Is Bloated Airbus Too Fat to Fly?

SINGAPORE, Jan. 23, 2006 — -- As the Airbus A380 flies across the world, spectators have focused on its massive size -- wings wider than a small apartment building, a tail eight stories tall and an interior that can hold 800 people.

A year after the plane made its debut in Toulouse, France, it has completed 500 hours of flight tests.

Yet the A380 is still months away from carrying paying passengers.

Industry analysts said delays came because early models of the plane were too heavy -- so overweight that they exceeded the plane's million-pound original design.

Initial customers for the A380 -- including Singapore Airlines, Qantas and Emirates Airlines -- have been paid compensation because the overweight plane could not be delivered on time.

The extra weight also meant the airlines could not fly the plane as far as specified, and the cost -- measured in terms of super-expensive jet fuel -- would be much higher.

"You've got to get it right," said Chris Partridge, an analyst. "You get it to the customers as promised. And if you fail in doing that, then people will vote against you with their feet and their checkbooks. And they will buy elsewhere."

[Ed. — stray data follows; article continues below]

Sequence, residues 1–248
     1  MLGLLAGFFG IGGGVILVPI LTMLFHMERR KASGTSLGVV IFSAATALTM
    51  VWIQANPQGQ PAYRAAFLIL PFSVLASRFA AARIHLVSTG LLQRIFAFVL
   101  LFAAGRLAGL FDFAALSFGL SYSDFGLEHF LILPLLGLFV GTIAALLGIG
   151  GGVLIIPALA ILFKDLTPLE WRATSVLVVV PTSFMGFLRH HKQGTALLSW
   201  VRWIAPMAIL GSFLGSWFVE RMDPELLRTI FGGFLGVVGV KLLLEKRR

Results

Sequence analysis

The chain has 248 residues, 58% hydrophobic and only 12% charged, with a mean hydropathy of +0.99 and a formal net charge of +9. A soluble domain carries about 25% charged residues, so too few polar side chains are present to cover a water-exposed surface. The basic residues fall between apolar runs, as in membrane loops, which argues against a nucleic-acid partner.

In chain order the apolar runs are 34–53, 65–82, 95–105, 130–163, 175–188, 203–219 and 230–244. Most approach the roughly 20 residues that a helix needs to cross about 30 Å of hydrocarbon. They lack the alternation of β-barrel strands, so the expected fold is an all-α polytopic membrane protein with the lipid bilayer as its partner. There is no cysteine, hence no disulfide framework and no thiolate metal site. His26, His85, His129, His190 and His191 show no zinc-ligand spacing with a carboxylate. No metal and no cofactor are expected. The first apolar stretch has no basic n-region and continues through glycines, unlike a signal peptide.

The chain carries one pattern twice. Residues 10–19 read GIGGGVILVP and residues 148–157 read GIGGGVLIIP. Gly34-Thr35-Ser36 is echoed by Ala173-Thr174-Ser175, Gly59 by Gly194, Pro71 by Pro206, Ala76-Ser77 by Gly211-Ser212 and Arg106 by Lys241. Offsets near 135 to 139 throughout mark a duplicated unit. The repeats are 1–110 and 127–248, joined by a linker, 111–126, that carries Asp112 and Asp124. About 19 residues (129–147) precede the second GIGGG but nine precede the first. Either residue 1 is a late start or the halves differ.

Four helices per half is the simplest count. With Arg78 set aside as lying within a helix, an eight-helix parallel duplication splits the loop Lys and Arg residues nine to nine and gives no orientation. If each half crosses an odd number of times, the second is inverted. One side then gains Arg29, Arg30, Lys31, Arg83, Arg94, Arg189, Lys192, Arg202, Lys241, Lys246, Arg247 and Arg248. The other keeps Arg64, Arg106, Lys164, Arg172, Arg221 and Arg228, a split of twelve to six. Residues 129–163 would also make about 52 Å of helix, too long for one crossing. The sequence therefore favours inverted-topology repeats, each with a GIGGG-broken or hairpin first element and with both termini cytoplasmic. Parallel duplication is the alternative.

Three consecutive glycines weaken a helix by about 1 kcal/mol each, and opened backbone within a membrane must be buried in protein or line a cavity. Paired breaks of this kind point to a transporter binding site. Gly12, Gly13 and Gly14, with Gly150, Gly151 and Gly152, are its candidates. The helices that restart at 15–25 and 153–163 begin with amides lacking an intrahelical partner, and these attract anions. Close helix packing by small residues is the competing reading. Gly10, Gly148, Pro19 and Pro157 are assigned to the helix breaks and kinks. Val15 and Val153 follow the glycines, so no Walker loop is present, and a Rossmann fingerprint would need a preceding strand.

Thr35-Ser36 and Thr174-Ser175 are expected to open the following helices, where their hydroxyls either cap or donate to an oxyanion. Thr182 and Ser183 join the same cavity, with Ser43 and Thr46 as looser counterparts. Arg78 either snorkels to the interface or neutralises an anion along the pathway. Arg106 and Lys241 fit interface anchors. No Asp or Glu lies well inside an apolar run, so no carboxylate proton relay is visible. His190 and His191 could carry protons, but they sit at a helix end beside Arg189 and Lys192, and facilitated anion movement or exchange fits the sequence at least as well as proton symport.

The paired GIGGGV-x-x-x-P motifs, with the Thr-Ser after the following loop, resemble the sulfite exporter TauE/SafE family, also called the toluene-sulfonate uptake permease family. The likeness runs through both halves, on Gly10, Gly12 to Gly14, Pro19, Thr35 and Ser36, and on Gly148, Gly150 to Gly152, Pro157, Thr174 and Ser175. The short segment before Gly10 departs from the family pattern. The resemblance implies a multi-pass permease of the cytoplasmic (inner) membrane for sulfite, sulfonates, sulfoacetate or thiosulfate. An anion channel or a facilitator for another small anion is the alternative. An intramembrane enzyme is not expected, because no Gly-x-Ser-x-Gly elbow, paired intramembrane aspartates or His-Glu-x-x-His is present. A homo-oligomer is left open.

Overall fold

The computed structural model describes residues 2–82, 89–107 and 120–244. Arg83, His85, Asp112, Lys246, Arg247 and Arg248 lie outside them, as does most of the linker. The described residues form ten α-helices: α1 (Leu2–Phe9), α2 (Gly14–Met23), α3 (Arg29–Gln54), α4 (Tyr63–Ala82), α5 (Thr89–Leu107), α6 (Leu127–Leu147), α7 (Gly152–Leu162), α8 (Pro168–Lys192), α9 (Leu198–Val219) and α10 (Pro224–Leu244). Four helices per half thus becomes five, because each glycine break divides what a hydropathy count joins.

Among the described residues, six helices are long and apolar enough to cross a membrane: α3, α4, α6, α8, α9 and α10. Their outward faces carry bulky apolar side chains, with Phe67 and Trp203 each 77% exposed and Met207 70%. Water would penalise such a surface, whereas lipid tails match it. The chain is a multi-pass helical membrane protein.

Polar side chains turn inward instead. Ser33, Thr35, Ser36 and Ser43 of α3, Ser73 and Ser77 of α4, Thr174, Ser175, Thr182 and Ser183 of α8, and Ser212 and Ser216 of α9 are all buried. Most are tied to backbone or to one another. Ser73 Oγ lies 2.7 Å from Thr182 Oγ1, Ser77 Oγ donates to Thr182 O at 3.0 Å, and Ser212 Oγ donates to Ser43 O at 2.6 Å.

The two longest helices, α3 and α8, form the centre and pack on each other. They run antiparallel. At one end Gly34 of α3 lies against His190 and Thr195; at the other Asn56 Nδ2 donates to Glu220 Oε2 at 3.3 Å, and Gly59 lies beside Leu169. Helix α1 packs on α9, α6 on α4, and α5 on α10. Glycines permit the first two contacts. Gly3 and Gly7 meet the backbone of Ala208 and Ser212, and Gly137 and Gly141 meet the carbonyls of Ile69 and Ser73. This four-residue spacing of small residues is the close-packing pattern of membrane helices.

The promise, of course, is that the super-jumbo A380 will provide extra legroom and wider seats. But will it happen?

The plan for the A380, which can accommodate 843 passengers, is to carry far fewer, according to Singapore Airlines and other carriers.

Singapore plans to carry 500 passengers aboard the A380. In a planned three-class configuration, legroom could average 34 inches.

But Airbus is in a dogfight with Boeing, one that will continue for years. Airbus may have outsold Boeing again last year, but the U.S. company's fortunes suddenly look very bright: Boeing's 787 Dreamliner is the hottest-selling plane in the world, meaning Airbus cannot afford any more turbulence.